Fak rose from fourth after his first stage to first with another clean shooting bout, skiing faster than Germany’s Simon Schempp, who started 29th. Schempp ended up second with perfect shooting, 12.8 seconds behind the Slovenian.
“It was important to shoot zero because in Antholz I missed the last shot,” Fak told the IBU after the race. “Today I hit it and could run my own race.”
The second starter, Jean-Guillaume Béatrix of France shot 10-for-10 and initially led at the finish before Fak crossed the line 26 seconds faster. Fourcade skied the second-fastest course time to counteract his single penalty and finished fourth, 0.3 seconds after Beatrix.
Michal Slesingr of the Czech Republic was another 0.4 seconds back in fifth with clean shooting, and Russia’s Anton Shipulin cleaned for sixth, 29.5 seconds behind the winner.
Smith initially finished fourth, then was bumped to seventh by Fourcade, Schempp, and Shipulin respectively. He ended up 8.2 seconds away from sixth and a spot at the awards ceremony.
“He showed great consistent skiing in all three laps,” Biathlon Canada Head Coach Matthias Ahrens wrote in an email, “and displayed again his strong shooting efficiency which showed in his personal best result of finishing 7th in a [World Cup].”
In all, three Canadian men made the top 60 to qualify for Sunday’s pursuit: Green placed 22nd (+1:12.8) with a single standing penalty, and 22-year-old Macx Davies finished 54th (+2:20.9) with one prone miss. That result tied Davies’ season best after he placed 54th in the World Cup sprint in Oberhof, Germany.
Canada’s fourth man, Scott Gow placed 63rd, 2:35.7 back from the winner and 3.8 seconds out of 60th with two prone penalties.
“It would have been nice to qualify all 4 men for the pursuit tomorrow, Scott Gow just missed it by a small margin,” Ahrens wrote. “Happy that Macx was able to continue in good form which he started at [IBU Open European Championships]. I am looking forward to next week’s relays since I believe we have a nice mixed team of eager younger and older more experienced athletes who supplement each other quite well.”
Last Sunday at the European Championships in Otepää, Estonia, Davies led Canada in 27th in the 12.5 k pursuit.
“I am elated to finally pull my shooting together after some crazy conditions in Otepaa,” Davies wrote in an email. “My skiing felt good, I spent most of the race pushing myself harder and harder. Until I felt like I was at the redline for my whole final loop.”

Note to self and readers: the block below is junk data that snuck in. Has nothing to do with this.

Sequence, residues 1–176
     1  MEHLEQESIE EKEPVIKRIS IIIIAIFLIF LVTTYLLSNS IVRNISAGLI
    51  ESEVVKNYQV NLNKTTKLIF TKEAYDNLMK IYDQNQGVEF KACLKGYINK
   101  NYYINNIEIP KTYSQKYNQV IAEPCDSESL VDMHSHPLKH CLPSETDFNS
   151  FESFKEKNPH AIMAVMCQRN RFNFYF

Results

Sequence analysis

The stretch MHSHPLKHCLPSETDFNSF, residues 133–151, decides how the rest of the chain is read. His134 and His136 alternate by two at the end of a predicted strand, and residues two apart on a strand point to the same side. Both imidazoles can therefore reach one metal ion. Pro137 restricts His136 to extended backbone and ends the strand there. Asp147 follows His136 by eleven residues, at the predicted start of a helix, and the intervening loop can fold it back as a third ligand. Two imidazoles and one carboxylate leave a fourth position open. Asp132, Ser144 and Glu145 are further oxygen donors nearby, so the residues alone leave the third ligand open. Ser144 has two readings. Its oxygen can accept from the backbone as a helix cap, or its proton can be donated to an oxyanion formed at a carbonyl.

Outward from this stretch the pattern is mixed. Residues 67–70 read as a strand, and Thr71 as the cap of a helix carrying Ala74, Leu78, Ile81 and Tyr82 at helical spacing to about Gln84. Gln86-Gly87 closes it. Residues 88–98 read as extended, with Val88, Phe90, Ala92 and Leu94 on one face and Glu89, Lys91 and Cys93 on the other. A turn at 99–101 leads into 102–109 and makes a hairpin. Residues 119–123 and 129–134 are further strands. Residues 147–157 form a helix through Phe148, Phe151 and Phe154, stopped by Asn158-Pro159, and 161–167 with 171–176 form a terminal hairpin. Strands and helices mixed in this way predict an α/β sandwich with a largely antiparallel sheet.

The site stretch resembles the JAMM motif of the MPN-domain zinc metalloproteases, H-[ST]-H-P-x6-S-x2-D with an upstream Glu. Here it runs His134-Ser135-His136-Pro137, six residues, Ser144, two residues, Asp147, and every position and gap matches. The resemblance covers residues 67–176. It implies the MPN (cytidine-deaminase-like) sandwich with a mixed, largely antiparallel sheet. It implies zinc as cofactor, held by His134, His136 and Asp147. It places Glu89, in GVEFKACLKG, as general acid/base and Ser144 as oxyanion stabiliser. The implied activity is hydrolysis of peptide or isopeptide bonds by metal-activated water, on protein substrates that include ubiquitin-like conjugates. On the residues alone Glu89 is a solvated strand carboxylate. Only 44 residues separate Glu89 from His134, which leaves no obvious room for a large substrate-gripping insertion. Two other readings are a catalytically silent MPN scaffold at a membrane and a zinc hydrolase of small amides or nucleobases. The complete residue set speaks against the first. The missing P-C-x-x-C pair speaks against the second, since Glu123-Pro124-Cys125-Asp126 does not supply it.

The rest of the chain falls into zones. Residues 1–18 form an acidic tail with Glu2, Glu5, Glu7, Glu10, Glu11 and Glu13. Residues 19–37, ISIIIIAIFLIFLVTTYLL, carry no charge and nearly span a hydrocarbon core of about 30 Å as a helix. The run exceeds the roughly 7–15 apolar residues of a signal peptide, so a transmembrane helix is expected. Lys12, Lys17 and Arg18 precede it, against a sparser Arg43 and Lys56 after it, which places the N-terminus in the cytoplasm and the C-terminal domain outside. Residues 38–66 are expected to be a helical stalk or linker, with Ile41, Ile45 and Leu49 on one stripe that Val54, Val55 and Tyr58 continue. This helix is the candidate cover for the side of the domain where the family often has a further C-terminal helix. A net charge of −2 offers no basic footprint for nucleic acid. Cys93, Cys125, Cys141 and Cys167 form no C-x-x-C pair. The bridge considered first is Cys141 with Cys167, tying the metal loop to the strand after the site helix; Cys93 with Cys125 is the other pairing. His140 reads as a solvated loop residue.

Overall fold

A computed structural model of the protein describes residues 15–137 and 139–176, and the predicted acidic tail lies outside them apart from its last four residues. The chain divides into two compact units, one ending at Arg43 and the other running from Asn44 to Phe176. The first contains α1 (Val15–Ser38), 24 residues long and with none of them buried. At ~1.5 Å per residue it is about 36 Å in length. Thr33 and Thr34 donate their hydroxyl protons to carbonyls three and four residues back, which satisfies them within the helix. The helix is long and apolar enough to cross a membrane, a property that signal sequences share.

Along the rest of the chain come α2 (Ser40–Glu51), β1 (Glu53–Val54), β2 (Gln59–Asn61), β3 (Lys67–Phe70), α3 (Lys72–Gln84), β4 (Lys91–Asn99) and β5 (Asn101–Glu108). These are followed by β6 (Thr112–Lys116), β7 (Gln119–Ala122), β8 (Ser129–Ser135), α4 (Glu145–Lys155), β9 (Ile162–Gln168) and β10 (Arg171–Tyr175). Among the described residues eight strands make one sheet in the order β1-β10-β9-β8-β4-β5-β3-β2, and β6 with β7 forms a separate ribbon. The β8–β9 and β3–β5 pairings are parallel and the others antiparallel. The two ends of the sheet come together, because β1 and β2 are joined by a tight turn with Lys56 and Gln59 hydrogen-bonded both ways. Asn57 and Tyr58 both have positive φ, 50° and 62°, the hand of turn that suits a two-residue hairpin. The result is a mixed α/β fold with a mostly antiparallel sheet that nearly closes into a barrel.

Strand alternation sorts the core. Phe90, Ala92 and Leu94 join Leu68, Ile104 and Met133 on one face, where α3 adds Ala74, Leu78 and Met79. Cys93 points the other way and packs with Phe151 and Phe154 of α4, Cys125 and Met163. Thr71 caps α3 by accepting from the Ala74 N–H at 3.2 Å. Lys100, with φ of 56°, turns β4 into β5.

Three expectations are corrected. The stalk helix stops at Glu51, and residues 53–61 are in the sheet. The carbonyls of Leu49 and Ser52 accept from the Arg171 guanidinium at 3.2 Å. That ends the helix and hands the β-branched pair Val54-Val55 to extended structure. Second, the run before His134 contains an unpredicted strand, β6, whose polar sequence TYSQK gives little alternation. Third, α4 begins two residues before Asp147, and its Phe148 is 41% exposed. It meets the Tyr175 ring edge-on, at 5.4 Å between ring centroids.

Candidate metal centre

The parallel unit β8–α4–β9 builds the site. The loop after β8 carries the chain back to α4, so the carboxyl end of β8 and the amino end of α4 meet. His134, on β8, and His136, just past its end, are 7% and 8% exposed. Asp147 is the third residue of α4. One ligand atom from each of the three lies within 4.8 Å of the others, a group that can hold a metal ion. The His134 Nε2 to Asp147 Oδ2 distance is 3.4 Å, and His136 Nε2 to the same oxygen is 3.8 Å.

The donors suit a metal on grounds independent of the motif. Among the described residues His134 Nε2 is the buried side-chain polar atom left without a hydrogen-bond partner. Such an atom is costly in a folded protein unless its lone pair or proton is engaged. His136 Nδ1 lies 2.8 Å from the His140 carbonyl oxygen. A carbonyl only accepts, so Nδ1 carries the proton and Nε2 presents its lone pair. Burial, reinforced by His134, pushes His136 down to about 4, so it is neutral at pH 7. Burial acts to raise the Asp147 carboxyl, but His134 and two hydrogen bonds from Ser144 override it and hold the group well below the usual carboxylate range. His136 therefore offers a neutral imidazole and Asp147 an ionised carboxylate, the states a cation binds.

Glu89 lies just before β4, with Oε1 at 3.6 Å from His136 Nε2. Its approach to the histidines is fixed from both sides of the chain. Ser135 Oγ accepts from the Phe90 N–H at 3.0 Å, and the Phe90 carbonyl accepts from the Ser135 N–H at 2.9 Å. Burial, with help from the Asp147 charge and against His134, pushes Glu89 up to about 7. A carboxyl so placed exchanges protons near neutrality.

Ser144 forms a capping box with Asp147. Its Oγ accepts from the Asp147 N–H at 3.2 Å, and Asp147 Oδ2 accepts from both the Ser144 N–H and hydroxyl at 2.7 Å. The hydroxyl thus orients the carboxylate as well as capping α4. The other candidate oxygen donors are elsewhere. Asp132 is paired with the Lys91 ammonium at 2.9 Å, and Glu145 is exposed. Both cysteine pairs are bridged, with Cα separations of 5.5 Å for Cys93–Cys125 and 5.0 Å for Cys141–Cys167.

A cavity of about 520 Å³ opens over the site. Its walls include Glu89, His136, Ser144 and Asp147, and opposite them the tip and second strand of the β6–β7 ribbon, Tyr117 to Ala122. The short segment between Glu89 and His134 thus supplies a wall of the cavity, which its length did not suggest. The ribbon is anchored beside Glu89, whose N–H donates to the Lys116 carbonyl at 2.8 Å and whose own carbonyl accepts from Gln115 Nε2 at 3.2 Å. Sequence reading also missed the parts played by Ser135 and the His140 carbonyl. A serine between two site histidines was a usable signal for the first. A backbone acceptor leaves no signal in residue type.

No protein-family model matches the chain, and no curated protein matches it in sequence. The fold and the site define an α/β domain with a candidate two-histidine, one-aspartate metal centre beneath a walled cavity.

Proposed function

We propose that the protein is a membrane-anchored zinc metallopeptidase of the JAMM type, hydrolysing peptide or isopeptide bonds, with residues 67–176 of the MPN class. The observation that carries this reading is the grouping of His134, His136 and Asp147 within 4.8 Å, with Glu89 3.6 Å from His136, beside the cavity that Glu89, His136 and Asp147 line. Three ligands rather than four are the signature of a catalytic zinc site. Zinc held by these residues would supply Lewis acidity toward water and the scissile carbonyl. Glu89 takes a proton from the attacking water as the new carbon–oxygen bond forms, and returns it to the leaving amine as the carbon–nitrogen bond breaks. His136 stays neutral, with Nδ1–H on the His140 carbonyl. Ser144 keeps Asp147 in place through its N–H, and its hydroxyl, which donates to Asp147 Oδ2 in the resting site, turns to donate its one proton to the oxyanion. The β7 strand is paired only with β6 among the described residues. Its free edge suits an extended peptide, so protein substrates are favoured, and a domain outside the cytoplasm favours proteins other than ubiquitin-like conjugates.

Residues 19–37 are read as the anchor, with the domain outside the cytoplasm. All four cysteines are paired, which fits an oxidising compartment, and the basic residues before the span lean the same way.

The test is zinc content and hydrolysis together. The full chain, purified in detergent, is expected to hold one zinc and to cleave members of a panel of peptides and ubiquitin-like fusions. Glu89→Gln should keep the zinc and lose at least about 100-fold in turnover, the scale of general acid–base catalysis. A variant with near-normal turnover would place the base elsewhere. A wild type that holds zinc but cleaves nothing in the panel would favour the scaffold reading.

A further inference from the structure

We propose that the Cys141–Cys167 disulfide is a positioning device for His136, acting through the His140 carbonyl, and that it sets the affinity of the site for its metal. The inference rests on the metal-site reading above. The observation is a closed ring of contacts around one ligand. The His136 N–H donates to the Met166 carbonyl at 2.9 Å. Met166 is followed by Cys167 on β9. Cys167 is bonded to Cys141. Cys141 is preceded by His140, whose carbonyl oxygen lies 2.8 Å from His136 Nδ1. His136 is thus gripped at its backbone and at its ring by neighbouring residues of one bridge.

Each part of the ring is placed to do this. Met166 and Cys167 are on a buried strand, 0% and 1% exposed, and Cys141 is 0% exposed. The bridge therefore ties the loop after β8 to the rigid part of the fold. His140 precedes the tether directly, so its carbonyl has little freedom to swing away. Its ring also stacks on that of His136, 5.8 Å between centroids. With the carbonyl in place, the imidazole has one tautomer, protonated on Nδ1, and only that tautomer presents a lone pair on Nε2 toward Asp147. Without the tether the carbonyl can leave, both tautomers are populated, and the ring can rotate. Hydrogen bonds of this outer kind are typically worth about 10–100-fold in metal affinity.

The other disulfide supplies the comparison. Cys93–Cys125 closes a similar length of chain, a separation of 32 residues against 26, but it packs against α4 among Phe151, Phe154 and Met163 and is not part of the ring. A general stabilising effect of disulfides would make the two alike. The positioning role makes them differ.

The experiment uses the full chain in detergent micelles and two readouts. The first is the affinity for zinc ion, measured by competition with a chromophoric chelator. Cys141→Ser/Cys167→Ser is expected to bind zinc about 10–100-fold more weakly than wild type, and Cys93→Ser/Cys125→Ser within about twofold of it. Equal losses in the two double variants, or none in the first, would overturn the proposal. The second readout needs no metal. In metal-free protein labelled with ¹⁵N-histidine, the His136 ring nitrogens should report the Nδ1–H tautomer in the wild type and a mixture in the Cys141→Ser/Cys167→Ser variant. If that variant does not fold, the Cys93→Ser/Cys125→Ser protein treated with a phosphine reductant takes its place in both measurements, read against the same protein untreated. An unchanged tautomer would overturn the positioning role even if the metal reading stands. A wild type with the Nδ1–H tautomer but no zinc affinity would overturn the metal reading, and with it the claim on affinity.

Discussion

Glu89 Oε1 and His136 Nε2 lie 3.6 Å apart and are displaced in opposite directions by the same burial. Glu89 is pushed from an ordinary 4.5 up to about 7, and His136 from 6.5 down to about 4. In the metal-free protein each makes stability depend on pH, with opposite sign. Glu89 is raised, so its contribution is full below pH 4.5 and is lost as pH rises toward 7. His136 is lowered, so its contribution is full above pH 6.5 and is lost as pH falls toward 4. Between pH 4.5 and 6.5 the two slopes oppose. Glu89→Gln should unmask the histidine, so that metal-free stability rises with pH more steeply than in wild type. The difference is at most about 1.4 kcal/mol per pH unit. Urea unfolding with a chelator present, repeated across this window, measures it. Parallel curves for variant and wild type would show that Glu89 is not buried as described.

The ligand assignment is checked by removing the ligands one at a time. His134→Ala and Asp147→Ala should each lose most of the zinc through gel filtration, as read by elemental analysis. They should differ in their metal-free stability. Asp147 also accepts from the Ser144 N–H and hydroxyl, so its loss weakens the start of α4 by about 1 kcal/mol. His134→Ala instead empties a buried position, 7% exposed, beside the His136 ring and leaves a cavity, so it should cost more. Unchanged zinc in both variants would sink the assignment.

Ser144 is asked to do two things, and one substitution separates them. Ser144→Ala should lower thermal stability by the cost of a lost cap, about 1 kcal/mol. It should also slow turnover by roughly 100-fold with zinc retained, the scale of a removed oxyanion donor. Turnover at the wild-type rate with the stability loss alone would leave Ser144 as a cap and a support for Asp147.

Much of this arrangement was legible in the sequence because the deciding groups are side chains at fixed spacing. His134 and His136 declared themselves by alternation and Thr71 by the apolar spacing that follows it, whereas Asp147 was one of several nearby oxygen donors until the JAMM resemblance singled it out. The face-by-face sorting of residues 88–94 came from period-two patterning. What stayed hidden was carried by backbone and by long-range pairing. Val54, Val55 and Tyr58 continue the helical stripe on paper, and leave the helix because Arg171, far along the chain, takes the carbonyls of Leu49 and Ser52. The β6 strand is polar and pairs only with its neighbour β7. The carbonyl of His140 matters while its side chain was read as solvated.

He set two personal goals on Saturday: to shoot 10-for-10 and make the top 40 to score World Cup points.
“Though I didn’t quite achieve either of these I still feel happy with my performance today and am excited to race tomorrow,” he wrote.
Davies will start Sunday’s 12.5 k pursuit 2:21 behind Fak in first; Smith will head out 38 seconds back in seventh, and Green will start 1:13 back in 22nd.
“Today was another good result for me and it sets me up well for tomorrow’s pursuit,” Green wrote in an email. “It’s a tight race amongst the top 30 and tomorrow will be another good opportunity. The shooting will be especially important for me tomorrow if we continue to face more wind.”
After Friday’s mixed relay, in which Green skied a penalty loop and used three spares to anchor Canada to 14th, he was looking for more.
“I knew today that I would have to step up my game,” he wrote. “I knew with the wind we’ve been experiencing here that the shooting would be challenging so I really tried to make each shot count. It’s a tough race course here as well and I tried hard to make time in the areas that I thought played into my ski strengths.”
He ended up rising from 34th overall after prone to 28th after missing his lone shot of the day in standing, and closed his last lap with the 17th-fastest course time to place 22nd.
“My skiing was better than yesterday. I definitely pushed and made myself hurt more on course, and at the same time tried to focus more on areas such as the gradual climbs that I felt would play more into my strength while skiing,” Green added. “I was happy shooting 9/10.”
Alex Kochon (email@example.com) is the former managing editor at FasterSkier. She spent seven years with FS from 2011-2018, and has been writing, editing, and skiing ever since. She's making a cameo in 2020.